President of Russia Dmitry Medvedev: Good afternoon,
Today we are meeting to discuss development of the Chechen Republic. I do not often hold meetings on a single region development, but I think in this case, it makes sense given all that the Chechen Republic has been through.
Just now, while talking to President of the Chechen Republic Ramzan Kadyrov, I made a note of something that people here remember very well, but which I will nevertheless repeat: on June 12, 2000, a special Presidential Executive Order was signed appointing Akhmat Kadyrov the head of the Chechen Republic’s government.
Ten years have passed since that day, and I remarked that if Akhmat Kadyrov were able to see the way the Republic has progressed with his own eyes, or from a helicopter, as we just saw it, then I think he would be pleased.
Nevertheless, there are plenty of problems in all our regions, and the Republic of Chechnya is certainly no exception. Thus, I suggest that we briefly cover the main hot-button issues, take a look at what has and has not been done.
We have a special targeted programme for socioeconomic development in Chechnya for the 2008–2011 timeframe with an approved budget of 120 billion rubles [$4 billion], which includes 110.8 billion rubles financing from the federal budget.
We should see how this money has been allotted and spent, as well as what is being done to reach the programme’s goals and what should be done next with the programme funds once 2011 is behind. We should outline further goals and results and the ways and means to reach them.
There is another important issue directly tied to the Republic’s socioeconomic development, I mean support for local manufacturers.
Last year was difficult for Russia, and this year has seen certain problems too. As far as the Chechen Republic is concerned, previously the aim was to restore its industries, while now these businesses should be developed further.
For the time being, their development will still require a certain state financing, or offering various opportunities and preferences for these purposes. I think investment tax credits may be granted to some companies, or government guaranties may be issued to support investment projects implementation.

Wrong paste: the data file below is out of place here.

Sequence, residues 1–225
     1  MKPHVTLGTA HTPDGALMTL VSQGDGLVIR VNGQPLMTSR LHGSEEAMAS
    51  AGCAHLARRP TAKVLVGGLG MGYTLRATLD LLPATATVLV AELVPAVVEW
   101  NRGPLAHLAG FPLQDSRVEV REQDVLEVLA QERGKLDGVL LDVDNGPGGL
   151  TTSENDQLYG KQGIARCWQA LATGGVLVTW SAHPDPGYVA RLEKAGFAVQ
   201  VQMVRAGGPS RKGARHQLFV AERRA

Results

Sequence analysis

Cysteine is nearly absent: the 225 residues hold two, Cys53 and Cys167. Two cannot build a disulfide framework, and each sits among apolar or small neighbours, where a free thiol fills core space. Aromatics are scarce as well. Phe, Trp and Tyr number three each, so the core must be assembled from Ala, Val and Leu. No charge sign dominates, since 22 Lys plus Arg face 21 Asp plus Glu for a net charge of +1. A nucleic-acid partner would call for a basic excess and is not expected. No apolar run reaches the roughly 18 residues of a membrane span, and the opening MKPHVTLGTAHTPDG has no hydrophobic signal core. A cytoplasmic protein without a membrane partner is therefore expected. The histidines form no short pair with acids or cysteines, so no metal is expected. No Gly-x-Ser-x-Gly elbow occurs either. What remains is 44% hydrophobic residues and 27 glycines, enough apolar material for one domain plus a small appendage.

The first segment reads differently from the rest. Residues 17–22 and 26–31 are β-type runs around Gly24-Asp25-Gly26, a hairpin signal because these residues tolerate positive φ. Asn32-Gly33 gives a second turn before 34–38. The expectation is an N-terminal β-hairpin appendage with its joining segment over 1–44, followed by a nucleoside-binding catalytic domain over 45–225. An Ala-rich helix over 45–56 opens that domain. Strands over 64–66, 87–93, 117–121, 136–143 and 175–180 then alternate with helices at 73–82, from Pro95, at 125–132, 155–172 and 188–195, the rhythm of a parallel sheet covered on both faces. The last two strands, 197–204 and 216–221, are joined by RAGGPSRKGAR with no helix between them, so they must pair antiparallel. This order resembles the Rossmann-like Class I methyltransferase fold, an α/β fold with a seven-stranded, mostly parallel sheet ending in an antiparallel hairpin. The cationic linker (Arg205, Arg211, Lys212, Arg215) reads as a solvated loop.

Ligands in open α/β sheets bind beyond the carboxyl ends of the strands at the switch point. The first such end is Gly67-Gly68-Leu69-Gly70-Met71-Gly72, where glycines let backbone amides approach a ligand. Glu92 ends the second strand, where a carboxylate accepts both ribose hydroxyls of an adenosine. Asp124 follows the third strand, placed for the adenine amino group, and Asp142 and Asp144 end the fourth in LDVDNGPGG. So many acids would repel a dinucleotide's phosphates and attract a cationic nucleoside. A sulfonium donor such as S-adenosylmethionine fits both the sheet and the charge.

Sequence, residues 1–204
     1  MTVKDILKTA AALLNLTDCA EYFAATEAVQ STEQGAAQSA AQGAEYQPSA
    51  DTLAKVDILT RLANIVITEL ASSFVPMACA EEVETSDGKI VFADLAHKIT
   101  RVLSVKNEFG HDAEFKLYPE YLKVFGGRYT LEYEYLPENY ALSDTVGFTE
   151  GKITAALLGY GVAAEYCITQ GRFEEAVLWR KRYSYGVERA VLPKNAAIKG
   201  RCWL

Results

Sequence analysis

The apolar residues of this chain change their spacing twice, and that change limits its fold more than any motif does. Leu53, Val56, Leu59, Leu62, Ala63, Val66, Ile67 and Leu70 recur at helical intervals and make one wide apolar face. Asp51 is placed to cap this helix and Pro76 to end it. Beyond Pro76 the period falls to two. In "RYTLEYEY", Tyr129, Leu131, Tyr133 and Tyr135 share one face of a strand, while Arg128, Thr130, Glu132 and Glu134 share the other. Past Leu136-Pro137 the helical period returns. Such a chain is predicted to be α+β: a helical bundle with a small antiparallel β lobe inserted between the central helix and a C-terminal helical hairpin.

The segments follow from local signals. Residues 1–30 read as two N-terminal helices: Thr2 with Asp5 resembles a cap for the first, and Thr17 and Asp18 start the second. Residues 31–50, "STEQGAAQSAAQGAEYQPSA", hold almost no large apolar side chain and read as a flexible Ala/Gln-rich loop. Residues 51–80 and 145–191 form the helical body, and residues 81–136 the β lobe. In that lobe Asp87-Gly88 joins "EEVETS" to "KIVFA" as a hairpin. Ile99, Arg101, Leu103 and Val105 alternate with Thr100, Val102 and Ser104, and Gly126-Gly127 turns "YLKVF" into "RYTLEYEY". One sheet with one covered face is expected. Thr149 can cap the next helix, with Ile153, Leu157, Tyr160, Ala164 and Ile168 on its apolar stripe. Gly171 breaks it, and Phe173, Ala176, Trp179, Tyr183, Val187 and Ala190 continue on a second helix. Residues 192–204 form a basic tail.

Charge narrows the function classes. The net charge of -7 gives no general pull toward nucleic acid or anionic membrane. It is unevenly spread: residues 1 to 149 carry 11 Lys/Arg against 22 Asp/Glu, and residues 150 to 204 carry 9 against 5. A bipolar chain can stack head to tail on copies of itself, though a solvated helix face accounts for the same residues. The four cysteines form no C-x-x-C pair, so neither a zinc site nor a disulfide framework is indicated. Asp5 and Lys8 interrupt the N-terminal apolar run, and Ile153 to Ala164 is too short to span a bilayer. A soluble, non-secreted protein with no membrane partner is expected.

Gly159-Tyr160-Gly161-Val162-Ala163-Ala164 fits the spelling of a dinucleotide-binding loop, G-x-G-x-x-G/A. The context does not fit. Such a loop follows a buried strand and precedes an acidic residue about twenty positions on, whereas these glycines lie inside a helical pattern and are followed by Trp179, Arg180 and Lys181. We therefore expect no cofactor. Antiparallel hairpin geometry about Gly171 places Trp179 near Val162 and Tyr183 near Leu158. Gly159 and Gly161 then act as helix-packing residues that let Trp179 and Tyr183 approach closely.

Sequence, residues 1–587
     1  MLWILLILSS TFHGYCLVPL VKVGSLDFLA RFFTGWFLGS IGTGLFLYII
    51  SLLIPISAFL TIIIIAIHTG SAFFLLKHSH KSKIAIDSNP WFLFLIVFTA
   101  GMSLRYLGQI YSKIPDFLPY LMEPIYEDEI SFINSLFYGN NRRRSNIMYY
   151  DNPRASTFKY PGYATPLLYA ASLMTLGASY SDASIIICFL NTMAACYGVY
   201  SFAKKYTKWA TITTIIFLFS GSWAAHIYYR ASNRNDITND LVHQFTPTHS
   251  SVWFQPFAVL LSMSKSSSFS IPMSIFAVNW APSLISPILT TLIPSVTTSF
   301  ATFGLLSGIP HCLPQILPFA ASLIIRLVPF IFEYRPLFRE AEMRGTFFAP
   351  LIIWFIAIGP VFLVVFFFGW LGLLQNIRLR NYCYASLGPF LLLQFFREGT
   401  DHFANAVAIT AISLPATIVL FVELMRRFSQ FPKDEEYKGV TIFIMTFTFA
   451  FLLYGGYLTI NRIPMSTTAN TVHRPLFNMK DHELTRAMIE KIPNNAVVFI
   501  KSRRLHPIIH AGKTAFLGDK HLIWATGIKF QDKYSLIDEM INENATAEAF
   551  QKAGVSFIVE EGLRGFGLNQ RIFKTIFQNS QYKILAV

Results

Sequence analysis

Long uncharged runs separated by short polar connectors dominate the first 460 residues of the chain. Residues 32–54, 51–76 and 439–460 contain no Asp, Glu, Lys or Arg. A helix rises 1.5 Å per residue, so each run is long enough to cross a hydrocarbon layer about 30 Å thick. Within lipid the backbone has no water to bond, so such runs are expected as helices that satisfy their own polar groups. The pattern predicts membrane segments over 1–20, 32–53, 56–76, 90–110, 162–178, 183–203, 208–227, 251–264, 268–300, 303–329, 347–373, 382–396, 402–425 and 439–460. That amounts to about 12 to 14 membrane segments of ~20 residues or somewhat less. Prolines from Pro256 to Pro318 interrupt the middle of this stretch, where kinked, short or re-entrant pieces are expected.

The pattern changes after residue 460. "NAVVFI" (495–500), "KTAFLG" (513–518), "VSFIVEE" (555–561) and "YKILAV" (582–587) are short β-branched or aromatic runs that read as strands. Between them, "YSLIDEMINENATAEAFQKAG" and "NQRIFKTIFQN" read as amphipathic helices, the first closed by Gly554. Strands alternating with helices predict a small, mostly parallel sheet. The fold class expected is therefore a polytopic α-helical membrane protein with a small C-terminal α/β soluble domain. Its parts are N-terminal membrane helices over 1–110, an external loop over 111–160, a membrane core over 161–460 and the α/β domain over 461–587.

In some cases, particularly when it comes to agricultural companies and farming businesses, part of their loan interest should be subsidised. We can as well discuss other suggestions today.
There are certain problems that have accumulated, growing loans payable for example. Our efforts in this regard should be discussed. I am aware that Deputy Prime Minister and Presidential Plenipotentiary Envoy Alexander Khloponin has reviewed the situation and I want to be briefed on his respective suggestions.
Another very important issue is social infrastructure and construction of kindergartens, schools, and medical centres.
Revival of Chechnya is progressing at a pretty good rate. What we saw during our fairly short flight over its territory looks quite impressive. Again, we are to set our priorities in where the money should go in the first turn.
For example, there are problems in construction of a specialised establishment for children with disabilities, and there are problems in functioning of health resorts.
There are many problems in agriculture. The primary problem is of course a lack of equipment at agricultural companies and a high level of wear and tear on the machinery. Even though the fields are being cared for and it is evident they are in good condition, additional and rather significant funds are required to acquire new trucks and tractors. Water supply systems should be improved as some of them are either destroyed or outdated. Lands melioration is a separate issue requiring our special decisions.
There are other problems for us to address in infrastructure, railroads, and motorways.
Security is a special issue we always discuss at meetings in the North Caucasus Federal District. I now expect to be briefed on the current situation and recent accomplishments.
The war against bandits has not ended continuing on a regular and systemic basis and producing good results lately, but we will nevertheless review the subject again and I expect a report to be made by both the federal agencies and the Chechen law enforcement authorities.